Wednesday, November 08, 2006

Movie Reviews...

Miami Vice

Michael Mann was the executive producer on Miami Vice, the series, from 1984 to 1989. This summers’ incarnation of Miami Vice is his big screen re-interpretation of the show, but the only things they have in common are character names and location. The movie couldn’t be more different from the show if it tried. Gone are the bright pastel colours and bad eighties fashion and synth-pop soundtrack.

Sonny Crocket (Colin Farrell) and Ricardo Tubbs (Jamie Foxx) play Miami’s finest, who, after a tragic security breach in the Joint Inter-Agency Task Force, the FBI recruit, having not been part of the compromised group. Going deep undercover, they take on the narcotics trafficking network of Archangel de Jesus Montoya-Londono (the incredibly creepy Luis Tosar) and his Cuban Chinese banker, Isabella (Gong Li).

It takes a while to get into this film. The actors speak a kind of stylised, film noir type of rapid English that comes across as un-natural and heavy-handed at times. They (especially Farrell, as he has the largest speaking role) have great difficulty pulling it off. However, this issue fades as the film progresses, with the audience growing more accustomed to the characters. The film was shot entirely on digital cameras, which gives it an incredibly realistic, almost documentary-style look and feel, which increases the believability factor exponentially.

Occasionally, the film dwells far too long on certain scenes, especially those between Sonny and Isabella, when all we really want to see, is these guys doing what they do best. Farrell and Foxx are an undeniably cool pairing, and are allowed run free with their action and shoot out scenes. These scenes are the films stand out moments, containing bursts of extremely gritty violence, and relentless and dramatic action, reminiscent of Mann’s work on the famous shoot out scene in his never bettered masterpiece ‘Heat’.

3 out of 5

Lady in the Water

Apartment building superintendent Cleveland Heep (Paul Giamatti) rescues a young woman (Bryce Dallas Howard) from the pool he maintains. He discovers that she is actually a character from a bedtime story who is trying to make the journey back home. With the help of his tenants, he must figure out how to protect her from the creatures that are determined to keep her in our world, and take her home.

M. Night Shyamalan has so far given us The Sixth Sense, Unbreakable, Signs, and The Village. The first two films in that list are the work of an extremely gifted writer and director, announcing to the world a determination to achieve the mantle that only a select few directors actually manage. Hitchcock did it, as did Kubrick, Spielberg, and Scorcese. They achieved universal recognition; a household name. With the last two films in that list, however, the cracks began to show. Crippled under the weight of expectation, and forced ‘twist’ endings, and leading to Shayamalans reputation being questioned, with rumours of enormous ego, and on set clashes with producers, and his eventual split from Disney, ‘Lady in the Water’ turns out to be his worst film to date, the latest in a steadily declining quality of output.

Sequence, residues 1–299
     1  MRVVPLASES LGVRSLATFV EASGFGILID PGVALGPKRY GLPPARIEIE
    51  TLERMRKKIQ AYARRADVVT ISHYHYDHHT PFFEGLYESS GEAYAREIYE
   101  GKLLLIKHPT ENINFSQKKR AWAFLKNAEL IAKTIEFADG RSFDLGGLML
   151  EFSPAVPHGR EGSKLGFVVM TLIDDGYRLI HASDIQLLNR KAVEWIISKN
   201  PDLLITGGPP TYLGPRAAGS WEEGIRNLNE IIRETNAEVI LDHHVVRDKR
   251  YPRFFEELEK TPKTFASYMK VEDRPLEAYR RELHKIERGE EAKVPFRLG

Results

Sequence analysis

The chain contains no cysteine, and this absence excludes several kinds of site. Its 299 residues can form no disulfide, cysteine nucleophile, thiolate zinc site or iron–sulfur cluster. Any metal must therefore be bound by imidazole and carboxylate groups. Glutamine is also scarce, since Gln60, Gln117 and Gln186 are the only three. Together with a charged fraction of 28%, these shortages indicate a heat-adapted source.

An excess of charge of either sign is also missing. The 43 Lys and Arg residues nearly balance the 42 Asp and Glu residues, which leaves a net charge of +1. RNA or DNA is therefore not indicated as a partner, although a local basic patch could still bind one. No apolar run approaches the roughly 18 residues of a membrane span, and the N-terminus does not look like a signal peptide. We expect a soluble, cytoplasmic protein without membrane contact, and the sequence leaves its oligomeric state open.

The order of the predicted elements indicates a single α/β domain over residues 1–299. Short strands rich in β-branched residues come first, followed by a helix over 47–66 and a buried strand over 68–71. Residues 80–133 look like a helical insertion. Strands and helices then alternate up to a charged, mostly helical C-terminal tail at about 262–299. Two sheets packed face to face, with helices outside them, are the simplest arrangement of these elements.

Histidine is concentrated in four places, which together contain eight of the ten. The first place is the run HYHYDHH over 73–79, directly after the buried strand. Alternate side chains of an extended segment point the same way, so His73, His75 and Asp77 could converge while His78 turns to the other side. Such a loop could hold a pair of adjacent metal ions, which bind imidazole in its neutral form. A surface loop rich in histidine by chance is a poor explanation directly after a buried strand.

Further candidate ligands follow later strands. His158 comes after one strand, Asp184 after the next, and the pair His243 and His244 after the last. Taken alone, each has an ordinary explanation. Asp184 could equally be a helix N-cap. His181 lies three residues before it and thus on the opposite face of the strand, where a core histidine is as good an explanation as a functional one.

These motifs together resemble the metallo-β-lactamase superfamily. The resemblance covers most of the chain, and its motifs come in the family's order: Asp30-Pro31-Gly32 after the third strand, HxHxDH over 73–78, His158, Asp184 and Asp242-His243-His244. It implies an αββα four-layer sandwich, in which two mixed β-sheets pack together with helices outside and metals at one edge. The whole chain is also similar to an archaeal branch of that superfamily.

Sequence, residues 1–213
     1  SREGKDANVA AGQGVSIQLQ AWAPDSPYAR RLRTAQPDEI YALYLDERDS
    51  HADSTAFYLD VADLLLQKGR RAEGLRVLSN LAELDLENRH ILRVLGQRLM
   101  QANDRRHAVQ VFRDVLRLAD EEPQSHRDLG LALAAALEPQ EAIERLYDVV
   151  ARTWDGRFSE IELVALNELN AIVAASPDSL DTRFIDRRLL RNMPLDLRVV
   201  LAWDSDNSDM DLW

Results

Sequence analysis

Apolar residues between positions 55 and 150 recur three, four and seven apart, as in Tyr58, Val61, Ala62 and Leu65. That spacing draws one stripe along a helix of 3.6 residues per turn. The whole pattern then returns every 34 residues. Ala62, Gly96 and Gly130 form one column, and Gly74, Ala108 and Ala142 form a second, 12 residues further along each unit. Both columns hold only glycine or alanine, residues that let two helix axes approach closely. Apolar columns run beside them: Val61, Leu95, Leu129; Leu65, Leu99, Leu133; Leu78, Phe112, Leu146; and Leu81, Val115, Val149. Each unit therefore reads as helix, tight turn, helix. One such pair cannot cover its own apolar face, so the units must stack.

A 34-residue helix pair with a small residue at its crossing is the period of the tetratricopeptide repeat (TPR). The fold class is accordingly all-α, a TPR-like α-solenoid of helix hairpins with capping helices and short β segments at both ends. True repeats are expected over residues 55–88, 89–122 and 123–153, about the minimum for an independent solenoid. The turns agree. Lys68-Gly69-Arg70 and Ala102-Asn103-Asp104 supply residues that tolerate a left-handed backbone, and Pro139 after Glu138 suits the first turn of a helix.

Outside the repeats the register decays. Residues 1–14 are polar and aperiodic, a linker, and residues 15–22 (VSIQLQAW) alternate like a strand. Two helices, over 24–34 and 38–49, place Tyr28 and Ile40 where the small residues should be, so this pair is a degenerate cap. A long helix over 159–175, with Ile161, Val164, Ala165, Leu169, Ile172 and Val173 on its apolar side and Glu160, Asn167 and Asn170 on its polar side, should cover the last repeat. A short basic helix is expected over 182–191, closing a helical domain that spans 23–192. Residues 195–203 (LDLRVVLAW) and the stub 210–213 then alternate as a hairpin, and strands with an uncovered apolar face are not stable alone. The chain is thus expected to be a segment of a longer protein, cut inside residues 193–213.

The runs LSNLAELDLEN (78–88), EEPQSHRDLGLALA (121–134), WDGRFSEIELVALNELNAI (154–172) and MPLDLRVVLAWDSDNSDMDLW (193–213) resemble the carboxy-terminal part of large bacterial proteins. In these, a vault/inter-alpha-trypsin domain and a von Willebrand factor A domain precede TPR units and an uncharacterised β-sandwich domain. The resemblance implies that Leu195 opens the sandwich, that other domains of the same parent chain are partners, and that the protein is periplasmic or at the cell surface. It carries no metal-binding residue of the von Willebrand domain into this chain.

The movie is a failure, albeit an interesting one. Firstly, forget the television spots being used to sell this film as some sort of horror movie. That’s just the result of an ill-conceived marketing campaign by a studio unsure of what they have on their hands. Shyamalan regards Lady in the Water as ‘a bed time story’. So, what does that mean? In this case, are we to assume it means that leaps in logic are to be expected, and accepted? That conventional story-telling has gone out the window, only to be superceeded by the under developed whims of a director fuelled by belief in his own brilliance? Shyamalan has always given himself minor cameos in his films a la Hitchcock, but this time casts himself, a poor actor at best, in a central role in the story.

Performances are mostly fine, Giamatti and Howard are eminently watchable, but are surrounded by some of the broadest stereotypes you can imagine. Obviously though, there is a lot of imagination on show, presumably conceived in good faith, but executed horrendously. The film does look beautiful, with Christopher Doyle’s cinematography just about the only thing holding attention.

1 out of 5